Eurozone banks have 5.5 years to convert their €370bn of unsecured debt into secured bonds. They certainly won't be able to roll most of that debt because the bail-in provisions are expected to kick in on 1-Jan-2018 when unsecured bonds will essentially carry "equity risk".
|Source: Barclays Capital (click to enlarge)|
As Barclays points out in a bail-in "equity would absorb losses first, followed by subordinated bondholders, then senior bondholders". Withing the next 5 years many banks who still have some unencumbered assets would move to covered bonds to refinance these notes.
Interestingly, deposit guarantee programs (but not the guaranteed depositors) would be pari passu with senior unsecured creditors. That's why Germany (who has more than one deposit insurance program) is concerned about moving to a pan-Eurozone deposit guarantee program. If periphery banks fail, Germany would once again be on the hook.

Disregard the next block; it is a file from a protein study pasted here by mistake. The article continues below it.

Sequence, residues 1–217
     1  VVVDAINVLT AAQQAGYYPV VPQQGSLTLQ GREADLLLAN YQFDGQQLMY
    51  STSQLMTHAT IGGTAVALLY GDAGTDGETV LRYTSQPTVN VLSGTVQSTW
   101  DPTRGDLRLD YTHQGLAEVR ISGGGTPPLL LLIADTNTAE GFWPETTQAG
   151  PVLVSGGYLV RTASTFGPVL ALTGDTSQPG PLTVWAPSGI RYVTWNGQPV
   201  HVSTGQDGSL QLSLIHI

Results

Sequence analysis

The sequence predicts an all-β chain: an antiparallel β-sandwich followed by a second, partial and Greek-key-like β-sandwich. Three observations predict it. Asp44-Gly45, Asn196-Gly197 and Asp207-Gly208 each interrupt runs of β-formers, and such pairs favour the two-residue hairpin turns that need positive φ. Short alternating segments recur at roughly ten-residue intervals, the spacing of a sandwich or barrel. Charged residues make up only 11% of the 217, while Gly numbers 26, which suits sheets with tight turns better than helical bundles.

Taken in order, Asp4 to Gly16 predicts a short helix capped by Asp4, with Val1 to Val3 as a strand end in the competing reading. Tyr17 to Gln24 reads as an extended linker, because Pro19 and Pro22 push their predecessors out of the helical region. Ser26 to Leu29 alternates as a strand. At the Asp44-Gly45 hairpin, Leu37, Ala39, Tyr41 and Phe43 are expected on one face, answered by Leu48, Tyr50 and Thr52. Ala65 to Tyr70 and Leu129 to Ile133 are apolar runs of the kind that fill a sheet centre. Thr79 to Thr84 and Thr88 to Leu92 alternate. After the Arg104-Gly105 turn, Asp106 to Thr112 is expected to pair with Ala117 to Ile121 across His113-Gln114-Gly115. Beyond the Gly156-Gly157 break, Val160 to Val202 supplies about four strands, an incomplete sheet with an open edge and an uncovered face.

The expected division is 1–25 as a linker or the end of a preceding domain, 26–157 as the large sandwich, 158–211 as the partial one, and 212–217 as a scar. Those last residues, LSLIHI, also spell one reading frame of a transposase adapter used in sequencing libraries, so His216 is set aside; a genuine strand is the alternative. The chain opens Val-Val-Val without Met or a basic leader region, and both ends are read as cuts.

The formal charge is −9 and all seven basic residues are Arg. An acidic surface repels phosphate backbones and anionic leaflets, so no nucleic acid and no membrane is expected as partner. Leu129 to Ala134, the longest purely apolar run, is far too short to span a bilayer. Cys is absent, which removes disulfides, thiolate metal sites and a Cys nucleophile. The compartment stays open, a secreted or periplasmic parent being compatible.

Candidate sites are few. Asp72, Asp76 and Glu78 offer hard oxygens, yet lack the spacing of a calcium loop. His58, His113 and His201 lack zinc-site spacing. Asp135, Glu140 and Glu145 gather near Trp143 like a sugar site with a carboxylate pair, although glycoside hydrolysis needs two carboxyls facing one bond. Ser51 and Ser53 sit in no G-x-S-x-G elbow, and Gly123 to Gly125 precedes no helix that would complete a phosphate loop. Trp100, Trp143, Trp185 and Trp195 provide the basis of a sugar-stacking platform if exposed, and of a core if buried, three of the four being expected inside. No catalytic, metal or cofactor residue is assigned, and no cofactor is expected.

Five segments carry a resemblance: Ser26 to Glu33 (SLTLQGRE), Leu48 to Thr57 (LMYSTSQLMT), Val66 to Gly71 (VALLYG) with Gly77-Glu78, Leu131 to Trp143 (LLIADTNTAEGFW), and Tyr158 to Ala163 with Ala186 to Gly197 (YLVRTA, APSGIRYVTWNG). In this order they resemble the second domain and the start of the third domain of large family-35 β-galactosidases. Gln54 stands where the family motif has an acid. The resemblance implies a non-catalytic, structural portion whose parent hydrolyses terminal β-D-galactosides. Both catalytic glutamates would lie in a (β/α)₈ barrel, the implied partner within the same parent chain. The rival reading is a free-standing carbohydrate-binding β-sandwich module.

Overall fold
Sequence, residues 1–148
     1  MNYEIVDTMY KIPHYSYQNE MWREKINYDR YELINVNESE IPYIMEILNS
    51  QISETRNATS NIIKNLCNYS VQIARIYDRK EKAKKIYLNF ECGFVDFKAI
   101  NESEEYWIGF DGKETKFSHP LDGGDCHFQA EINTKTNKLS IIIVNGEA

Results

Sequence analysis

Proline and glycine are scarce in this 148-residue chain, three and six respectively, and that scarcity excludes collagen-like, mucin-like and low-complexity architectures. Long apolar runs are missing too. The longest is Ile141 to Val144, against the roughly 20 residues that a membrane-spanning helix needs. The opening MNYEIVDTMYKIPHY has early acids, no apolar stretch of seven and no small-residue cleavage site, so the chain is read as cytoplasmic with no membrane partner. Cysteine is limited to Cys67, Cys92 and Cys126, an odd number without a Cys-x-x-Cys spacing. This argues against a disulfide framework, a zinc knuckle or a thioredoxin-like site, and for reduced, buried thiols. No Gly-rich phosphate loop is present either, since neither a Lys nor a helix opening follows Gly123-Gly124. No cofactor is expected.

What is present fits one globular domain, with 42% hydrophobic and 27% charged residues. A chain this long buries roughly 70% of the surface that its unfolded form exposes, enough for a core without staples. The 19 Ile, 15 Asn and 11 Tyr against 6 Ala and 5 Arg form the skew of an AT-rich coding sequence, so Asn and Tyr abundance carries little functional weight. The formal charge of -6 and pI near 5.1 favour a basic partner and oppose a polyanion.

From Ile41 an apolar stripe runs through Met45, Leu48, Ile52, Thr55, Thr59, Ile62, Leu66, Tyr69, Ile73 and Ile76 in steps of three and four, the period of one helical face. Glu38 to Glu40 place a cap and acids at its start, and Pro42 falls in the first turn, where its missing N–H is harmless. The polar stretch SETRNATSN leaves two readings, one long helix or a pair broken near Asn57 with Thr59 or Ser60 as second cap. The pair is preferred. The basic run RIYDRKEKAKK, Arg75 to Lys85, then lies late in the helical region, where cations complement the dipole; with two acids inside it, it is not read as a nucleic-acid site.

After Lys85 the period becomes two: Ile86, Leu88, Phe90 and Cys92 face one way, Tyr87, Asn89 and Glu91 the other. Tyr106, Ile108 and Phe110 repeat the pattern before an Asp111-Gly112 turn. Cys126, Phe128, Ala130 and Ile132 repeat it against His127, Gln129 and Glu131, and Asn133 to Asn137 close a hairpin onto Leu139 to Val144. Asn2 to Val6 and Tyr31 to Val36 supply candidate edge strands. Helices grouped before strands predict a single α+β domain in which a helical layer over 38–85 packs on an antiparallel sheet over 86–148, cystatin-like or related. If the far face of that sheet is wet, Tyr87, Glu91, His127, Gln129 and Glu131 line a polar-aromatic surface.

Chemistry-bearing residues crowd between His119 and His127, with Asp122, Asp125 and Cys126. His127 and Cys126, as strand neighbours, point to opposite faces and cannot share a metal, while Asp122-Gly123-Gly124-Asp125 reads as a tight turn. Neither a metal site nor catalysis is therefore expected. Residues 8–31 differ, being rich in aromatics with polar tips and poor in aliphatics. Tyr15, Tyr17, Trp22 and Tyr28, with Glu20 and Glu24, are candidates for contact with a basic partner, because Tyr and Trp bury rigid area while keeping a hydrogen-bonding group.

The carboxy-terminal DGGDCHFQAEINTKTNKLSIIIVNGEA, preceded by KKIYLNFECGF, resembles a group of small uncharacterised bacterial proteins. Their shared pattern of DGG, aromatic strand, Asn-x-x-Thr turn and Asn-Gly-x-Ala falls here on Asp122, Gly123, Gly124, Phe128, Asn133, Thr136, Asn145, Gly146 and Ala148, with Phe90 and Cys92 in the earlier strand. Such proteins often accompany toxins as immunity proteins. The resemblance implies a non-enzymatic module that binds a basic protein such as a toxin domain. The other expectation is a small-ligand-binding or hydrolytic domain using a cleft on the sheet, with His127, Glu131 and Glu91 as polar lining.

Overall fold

MarketWatch: - Germany's Federal Association of Public Banks said Monday it is opposed to a banking union as proposed by the European Commission and fears it might lead to a looting of the German banks' deposit insurance funds.But unless a pan-Eurozone deposit insurance program is put in place, many periphery banks would lose their deposit base. Without deposits or the ability to issue unsecured debt, many banks will become permanently dependent on the ECB for funding.
"It seems to me absurd that our deposit protection schemes, which were built over many years, should be used for insuring savings deposits in euro-zone crisis countries," said association President Christian Brand. Such a collectivization of risks would significantly go beyond the idea of European solidarity, he added.